Life History: Adults return to land to breed and give birth at rookeries.
Steller sea lions become sexually mature at 3 to 7 years of age and mate and give birth on land. Males usually arrive at a rookery in May and stake out their territories for up to 60 days. Females arrive later and usually give birth to a pup that was conceived the prior year. A pregnancy lasts about 11 ½ months and lactation continues for 1 to 3 years. Mating occurs shortly after the pups are born, during June and July.

Predators: Include humans, sharks, and killer whales.

Stocks/Populations of Steller Sea Lions: Under the MMPA, two stocks are recognized for Steller sea lions – an Eastern Stock and a Western Stock. Under the ESA, they are considered “Distinct Population Segments” or DPS. The separation between the two stocks occur at Cape Suckling, 144 degrees West longitude, between Prince William Sound and Yakutat in Southeast Alaska. The Western stock extends from Cape Sucking westward to include Prince William Sound, Cook Inlet, Kodiak Island, Bristol Bay, the Bering Sea, Aleutian Islands, Russia and Japan. The Eastern stock extends eastward from Cape Sucking to include Southeast Alaska, British Columbia, Washington, Oregon and California.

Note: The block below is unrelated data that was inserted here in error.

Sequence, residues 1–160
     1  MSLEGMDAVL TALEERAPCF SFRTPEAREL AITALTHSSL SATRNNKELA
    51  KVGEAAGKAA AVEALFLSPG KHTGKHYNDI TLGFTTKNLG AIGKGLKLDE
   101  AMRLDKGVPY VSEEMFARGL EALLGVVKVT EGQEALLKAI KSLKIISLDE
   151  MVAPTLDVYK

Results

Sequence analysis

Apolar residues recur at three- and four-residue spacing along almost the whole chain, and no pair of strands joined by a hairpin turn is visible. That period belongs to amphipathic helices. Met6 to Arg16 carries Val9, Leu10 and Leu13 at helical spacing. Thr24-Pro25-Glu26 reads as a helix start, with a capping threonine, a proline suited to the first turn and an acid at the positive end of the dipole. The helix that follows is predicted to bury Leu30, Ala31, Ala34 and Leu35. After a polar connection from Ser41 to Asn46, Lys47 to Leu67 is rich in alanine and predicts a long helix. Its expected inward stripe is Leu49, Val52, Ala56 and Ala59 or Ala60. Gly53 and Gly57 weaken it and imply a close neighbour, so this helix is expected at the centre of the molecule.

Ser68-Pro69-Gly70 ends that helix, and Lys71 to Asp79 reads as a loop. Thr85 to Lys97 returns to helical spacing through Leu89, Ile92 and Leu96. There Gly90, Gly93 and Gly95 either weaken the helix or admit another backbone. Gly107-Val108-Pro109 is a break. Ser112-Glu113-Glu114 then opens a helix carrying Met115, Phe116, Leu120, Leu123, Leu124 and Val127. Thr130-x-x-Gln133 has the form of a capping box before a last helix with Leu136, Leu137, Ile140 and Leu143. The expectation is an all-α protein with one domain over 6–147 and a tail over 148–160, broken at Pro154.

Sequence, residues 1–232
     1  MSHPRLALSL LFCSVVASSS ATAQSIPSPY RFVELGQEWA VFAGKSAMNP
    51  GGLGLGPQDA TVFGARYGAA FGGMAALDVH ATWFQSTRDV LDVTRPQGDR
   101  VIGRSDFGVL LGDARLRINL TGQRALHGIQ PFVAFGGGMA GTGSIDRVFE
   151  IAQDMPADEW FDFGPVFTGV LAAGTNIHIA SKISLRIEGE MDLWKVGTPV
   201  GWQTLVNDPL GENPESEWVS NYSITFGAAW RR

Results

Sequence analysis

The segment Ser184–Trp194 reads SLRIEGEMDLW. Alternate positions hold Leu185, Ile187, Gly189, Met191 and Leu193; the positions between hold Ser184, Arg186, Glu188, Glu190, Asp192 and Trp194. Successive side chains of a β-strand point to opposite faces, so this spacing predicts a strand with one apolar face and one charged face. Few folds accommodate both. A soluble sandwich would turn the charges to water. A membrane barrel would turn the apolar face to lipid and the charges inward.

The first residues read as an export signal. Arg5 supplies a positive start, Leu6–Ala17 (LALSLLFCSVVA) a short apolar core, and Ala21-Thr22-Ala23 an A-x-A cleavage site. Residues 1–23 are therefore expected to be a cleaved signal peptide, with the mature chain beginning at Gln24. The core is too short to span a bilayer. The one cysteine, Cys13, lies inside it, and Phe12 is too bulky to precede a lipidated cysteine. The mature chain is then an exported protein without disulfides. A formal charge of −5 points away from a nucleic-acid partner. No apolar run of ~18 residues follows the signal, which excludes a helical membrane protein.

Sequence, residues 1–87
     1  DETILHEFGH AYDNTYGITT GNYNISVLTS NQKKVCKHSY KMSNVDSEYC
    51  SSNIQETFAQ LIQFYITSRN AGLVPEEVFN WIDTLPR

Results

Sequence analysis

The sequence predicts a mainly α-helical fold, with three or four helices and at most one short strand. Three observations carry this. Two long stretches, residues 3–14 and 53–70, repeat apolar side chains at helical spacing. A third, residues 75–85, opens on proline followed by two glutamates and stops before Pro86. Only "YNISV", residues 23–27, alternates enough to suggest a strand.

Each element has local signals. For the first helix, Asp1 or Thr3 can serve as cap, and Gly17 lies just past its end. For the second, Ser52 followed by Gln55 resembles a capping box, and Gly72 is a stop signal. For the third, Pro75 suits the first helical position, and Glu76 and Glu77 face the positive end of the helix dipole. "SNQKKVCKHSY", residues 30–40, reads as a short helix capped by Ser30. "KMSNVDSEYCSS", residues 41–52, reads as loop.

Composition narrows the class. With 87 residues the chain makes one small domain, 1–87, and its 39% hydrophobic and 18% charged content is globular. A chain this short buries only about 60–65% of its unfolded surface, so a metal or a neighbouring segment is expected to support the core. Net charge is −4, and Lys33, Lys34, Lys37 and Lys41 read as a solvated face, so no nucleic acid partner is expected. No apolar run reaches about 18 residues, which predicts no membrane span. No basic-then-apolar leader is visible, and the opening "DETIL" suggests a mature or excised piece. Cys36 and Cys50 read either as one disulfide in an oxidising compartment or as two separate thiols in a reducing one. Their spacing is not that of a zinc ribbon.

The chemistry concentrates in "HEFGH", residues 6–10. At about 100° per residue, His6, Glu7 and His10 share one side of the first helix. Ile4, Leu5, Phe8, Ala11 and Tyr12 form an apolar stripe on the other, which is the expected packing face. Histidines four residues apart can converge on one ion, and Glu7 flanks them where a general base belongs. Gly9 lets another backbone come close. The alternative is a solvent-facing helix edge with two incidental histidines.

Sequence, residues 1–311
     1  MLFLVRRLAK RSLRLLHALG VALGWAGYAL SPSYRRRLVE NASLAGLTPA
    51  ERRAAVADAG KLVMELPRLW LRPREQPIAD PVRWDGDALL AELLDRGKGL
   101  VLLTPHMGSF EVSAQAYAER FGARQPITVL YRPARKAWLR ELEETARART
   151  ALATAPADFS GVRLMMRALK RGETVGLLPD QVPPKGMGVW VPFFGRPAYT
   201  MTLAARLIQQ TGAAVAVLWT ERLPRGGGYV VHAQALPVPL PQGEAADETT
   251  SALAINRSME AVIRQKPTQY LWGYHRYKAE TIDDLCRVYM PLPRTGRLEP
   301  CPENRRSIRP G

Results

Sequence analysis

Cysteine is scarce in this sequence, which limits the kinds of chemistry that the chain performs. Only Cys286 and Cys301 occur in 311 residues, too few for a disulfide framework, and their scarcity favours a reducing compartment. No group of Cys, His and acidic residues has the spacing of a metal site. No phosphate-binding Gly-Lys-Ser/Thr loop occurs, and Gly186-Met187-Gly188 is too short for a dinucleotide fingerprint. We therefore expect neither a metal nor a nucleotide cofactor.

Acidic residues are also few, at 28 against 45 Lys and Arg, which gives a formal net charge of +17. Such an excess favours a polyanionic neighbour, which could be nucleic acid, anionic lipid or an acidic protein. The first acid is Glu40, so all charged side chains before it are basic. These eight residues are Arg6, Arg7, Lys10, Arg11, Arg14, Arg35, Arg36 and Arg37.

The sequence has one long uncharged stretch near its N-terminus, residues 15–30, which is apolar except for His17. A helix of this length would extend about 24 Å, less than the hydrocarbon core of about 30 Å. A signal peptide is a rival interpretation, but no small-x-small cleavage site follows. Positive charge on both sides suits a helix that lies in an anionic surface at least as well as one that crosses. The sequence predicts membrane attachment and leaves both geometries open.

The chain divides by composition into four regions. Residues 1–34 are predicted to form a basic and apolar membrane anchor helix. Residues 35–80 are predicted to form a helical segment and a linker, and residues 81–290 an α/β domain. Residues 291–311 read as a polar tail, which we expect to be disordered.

Population Status: Before it was recognized that there were two populations of Steller sea lions, the species was listed as threatened under the Endangered Species Act in 1990. When it was listed as Threatened, it was automatically classified as “Depleted” under the MMPA. In 1997 it was recognized that a Western and Eastern populations of sea lions existed. Due to continuing population declines, the Western population was uplisted to Endangered Status under the ESA. The Eastern population retained its Threatened designation despite continuing population increases. In 2012, the National Marine Fisheries Service began its regular Status Review of listed species, and proposed to delist the Eastern stock based it meeting the delisting targets identified in the Steller Sea Lion Recover Plan. In 2013, the Eastern population was delisted from the ESA, but retains its Depleted Status under the MMPA. Close monitoring will occur over the next few years to ensure that the change in its status will not endanger the population.

Population Trend: The majority of the Eastern DPS (Alaska, BC, Washington and Oregon) has increased at approximately 4% each year since 1979 through 2010, and pups have increased in all areas. Levels in California have declined from historic numbers, however the overall trend for the Eastern population is increasing.

The Western population appears to have stablized overall, and modeling indicates that counts have shown a slight increase between 1990 and 2012 east of Samalga Pass, while a decreasing trend West of Samalga Pass (the break between the Eastern and Central Aleutians).


Refs: Allen, B. M., and R. P. Angliss. 2013. Alaska Marine Mammal Stock Assessments, 2013. U.S. Dep. Commer., NOAA Tech. Memo. NMFSAFSC-277, 294 p.